The Steam Deck has revived interest in and demand for handheld Computers, a market that has been there for a while. This is similar to what the Nintendo Switch accomplished for consoles in 2017. Although the amount of engineering and technology that went into the Steam Deck is undoubtedly impressive, Valve’s goal to create a portable and inexpensive PC for gaming on the go means there is still room in the handheld market for something with a little more giddyup, which brings us to the Ayaneo 2.
Design: More elaborate than a Steam Deck
The Ayaneo 2 doesn’t go too far from the fundamental design of the Steam Deck, but it’s also clear right away that this isn’t some subpar copycat product either. It has a sizable 7-inch 1920 x 1200 LCD screen with strong brightness (just under 400 nits in our tests), which is surrounded by controllers set up similarly to those on an Xbox. Along with some more adjustable controls squeezed in on top that by default act as left and right mouse clicks, there are also helpful buttons on each side for accessing menus or serving as shortcuts. A great extra not present on the Steam Deck is the integrated fingerprint sensor that is even embedded into the power button.
Ayaneo’s attention to detail is one of the things that most strikes me. The entire system feels well-made. The PC’s casing is supple, strong, and has a really comforting heaviness. With cutouts for the joysticks and buttons, the system’s front is covered in a single sheet of glass, giving it a sleek, streamlined appearance. Much more care was taken by the company to ensure that no visible screws are present. But, there is a pick that is included that you may use to pry open the tiny coverings on either side if you really want to go inside. Just take care not to ruin the finish like I did.
The Ayaneo 2 has magnetic hall sensor joysticks and shoulder triggers that feel sharp and responsive, among other premium advancements over the Steam Deck. Contrary to the dead zone you get with Valve’s handheld, there is hardly none here. My favorite aspect of the Ayaneo 2’s design, though, is its bezel-free touchscreen, which has a very exquisite appearance.
Finally, even though neither device is fully pocketable in my opinion, the Ayaneo 2 is unquestionably more compact. The Steam Deck is almost a foot wide (11.7 inches), compared to the Ayaneo 2’s more manageable 10.4 inches.
Pricing and accessibility
Aya Neo is currently directly selling the Aya Neo 2. Pricing for the 16GB RAM/512GB storage option start at $1,099 (about £885/AU$1,550), go up to $1,299 (roughly £1,050/AU$1,830), and peak out at 32GB RAM/2TB storage. We’re focusing on that entry-level build for the purposes of this study, but we anticipate performance to be very comparable even up to that 32GB RAM threshold. The AyaNeo 2 is also offered by resellers like DroiX.
As of the time of writing, an IndieGoGo campaign (opens in new tab) is still active and (completely funded), allowing early adopters to purchase one of the gadgets for less than the suggested retail price.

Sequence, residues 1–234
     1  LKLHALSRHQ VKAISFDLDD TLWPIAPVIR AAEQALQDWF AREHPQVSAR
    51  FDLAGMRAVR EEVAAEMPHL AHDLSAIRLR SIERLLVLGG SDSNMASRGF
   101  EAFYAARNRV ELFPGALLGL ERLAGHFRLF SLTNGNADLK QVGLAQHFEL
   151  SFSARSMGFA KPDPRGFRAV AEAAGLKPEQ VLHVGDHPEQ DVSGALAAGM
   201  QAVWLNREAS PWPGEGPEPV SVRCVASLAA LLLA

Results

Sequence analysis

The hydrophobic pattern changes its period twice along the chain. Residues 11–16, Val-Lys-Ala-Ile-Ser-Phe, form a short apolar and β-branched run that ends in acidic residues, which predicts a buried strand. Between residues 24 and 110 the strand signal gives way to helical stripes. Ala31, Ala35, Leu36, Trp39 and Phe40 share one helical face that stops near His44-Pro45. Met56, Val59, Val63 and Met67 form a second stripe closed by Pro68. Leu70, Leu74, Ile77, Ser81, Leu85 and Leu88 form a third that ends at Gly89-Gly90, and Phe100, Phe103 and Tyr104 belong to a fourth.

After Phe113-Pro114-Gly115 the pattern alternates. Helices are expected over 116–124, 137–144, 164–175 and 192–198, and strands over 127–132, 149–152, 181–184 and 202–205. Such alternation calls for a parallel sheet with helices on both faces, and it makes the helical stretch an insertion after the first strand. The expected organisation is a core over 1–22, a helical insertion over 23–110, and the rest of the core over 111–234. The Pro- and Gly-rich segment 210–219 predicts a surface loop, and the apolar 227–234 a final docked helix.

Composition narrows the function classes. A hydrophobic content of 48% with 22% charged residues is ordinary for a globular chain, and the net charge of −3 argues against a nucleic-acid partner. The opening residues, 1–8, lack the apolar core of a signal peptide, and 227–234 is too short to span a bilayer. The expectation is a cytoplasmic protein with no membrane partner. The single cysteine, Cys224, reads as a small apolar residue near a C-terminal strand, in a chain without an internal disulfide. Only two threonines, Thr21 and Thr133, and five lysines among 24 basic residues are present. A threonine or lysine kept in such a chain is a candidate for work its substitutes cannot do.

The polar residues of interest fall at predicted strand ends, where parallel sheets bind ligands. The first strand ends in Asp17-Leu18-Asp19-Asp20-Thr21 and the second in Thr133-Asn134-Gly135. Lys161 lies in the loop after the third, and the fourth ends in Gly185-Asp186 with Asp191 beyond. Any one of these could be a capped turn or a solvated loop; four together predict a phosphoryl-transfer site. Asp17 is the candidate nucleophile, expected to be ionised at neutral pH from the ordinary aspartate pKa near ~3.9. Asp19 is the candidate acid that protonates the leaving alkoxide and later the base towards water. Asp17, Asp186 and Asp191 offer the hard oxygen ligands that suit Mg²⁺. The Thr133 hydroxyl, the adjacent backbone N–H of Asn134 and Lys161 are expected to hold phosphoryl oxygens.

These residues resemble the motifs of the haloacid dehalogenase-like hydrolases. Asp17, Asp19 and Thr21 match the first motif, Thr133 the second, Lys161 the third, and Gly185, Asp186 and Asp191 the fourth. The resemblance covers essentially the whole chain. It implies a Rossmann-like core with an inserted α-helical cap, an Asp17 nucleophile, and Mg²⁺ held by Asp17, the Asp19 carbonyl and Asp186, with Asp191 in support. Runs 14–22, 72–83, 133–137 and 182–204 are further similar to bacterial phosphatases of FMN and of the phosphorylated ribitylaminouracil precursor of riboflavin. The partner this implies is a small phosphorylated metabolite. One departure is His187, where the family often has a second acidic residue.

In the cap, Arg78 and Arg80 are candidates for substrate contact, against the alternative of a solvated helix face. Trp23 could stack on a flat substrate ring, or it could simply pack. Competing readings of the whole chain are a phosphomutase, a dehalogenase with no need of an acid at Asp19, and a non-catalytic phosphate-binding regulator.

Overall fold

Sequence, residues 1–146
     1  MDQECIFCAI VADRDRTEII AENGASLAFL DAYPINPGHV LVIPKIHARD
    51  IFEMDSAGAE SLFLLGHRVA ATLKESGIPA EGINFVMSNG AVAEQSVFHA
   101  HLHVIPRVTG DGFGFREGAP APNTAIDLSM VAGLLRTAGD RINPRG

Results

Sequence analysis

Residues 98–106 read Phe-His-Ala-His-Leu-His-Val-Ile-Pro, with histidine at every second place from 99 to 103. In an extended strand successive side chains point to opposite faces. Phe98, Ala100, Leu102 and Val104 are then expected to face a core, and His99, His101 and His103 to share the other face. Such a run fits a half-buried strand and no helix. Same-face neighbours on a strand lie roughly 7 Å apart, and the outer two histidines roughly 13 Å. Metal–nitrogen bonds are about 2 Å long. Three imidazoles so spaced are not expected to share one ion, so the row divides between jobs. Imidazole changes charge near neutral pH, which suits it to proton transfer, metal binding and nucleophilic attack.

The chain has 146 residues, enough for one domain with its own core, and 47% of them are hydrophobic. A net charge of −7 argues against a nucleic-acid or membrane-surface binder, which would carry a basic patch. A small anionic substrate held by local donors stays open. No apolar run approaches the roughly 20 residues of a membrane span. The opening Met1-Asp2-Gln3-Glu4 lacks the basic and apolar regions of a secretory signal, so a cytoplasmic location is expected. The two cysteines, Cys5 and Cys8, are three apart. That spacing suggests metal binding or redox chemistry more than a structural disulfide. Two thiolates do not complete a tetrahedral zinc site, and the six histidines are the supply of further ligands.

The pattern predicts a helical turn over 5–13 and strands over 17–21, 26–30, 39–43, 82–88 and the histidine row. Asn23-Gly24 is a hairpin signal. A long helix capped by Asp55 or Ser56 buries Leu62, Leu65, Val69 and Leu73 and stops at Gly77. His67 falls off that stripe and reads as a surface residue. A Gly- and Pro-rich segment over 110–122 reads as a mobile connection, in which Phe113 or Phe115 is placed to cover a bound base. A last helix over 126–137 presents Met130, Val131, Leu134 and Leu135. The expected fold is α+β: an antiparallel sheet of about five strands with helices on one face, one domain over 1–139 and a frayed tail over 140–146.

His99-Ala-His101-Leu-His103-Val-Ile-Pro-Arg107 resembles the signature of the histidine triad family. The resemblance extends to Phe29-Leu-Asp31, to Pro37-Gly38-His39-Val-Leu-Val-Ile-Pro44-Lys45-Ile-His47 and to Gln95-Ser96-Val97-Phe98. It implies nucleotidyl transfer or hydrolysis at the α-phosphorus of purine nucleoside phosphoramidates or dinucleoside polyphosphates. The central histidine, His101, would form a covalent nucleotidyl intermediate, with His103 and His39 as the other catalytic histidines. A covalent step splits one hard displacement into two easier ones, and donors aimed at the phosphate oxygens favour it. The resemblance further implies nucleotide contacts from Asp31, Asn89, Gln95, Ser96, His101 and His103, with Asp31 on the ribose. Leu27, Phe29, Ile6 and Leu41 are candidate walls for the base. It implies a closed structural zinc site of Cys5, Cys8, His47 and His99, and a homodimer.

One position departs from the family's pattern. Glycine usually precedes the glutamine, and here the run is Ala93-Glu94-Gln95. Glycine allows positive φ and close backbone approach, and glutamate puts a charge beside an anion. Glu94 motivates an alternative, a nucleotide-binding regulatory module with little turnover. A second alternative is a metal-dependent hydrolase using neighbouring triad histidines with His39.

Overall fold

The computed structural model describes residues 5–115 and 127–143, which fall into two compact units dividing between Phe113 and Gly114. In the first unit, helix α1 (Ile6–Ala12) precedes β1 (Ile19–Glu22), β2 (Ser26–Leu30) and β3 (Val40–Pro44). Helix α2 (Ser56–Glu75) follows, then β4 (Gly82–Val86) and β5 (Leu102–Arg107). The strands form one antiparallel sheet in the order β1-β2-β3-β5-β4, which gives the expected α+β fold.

It is therefore an expensive purchase, whether you compare it to some of the greatest gaming laptops (opens in new tab) on the market or even the entry price of Valve’s Steam Deck (beginning at $399 / £349 and going up to $649 / £569).
Performance: Zen3 has a significant impact
Raw performance is the Ayaneo 2’s second key advantage over the Steam Deck. The Ayaneo 2 features a more recent Ryzen 7 6800U CPU constructed on the Zen3+ design, whereas Valve collaborated with AMD to develop a bespoke chip based on the company’s Zen2 architecture. There is a noticeable increase in processing power.
The Ayaneo 2 scored 4,282 on the Wild Life Extreme test from 3DMark, matching or exceeding scores from comparably priced laptops like the Surface Laptop 5 (3,848) or the XPS 13 Plus (3,505). And depending on the game, the Ayaneo 2 is between 25% and 40% faster than the Steam Deck. The Ayaneo 2 averaged 54 frames per second in Shadow of the Tomb Raider at high settings while the Steam Deck only managed 40 frames per second. Even despite pushing almost twice as many pixels, the game was still able to produce a playable 35 frames per second at 1920 x 1200 (in SotTR) when I upped the resolution to make use of the Ayaneo 2’s full HD+ screen. Similar results were seen in Elden Ring, where the Ayaneo 2 averaged roughly 55 frames per second (fps) in 800p at medium settings as opposed to the Steam Deck’s 48 fps or 40 fps at 1200p.
Because of the battery life, you will need to estimate how long you can go without charging your device with caution. I managed to get about 56 minutes out of God of War with the TDP set at 33W and native resolution on the default settings. That is far less than what we obtained from the Steam Deck, but the game was also playing at a lower resolution on Valve’s device at the time. Grand Theft Auto 5 performed better at two hours and three minutes (TDP 15W, 1200p, default settings), and generally speaking, battery life will increase in accordance with those tests as the TDP is decreased. As a result, you may play independent video games for approximately five hours while using battery-saving settings and a TDP restriction of less than 8W. Given the effectiveness of something like the Nintendo Switch OLED, that’s a little disappointing. Yet, the amount of strain the AMD Ryzen 7 6800U can withstand is a logical response to its relatively short battery run-times.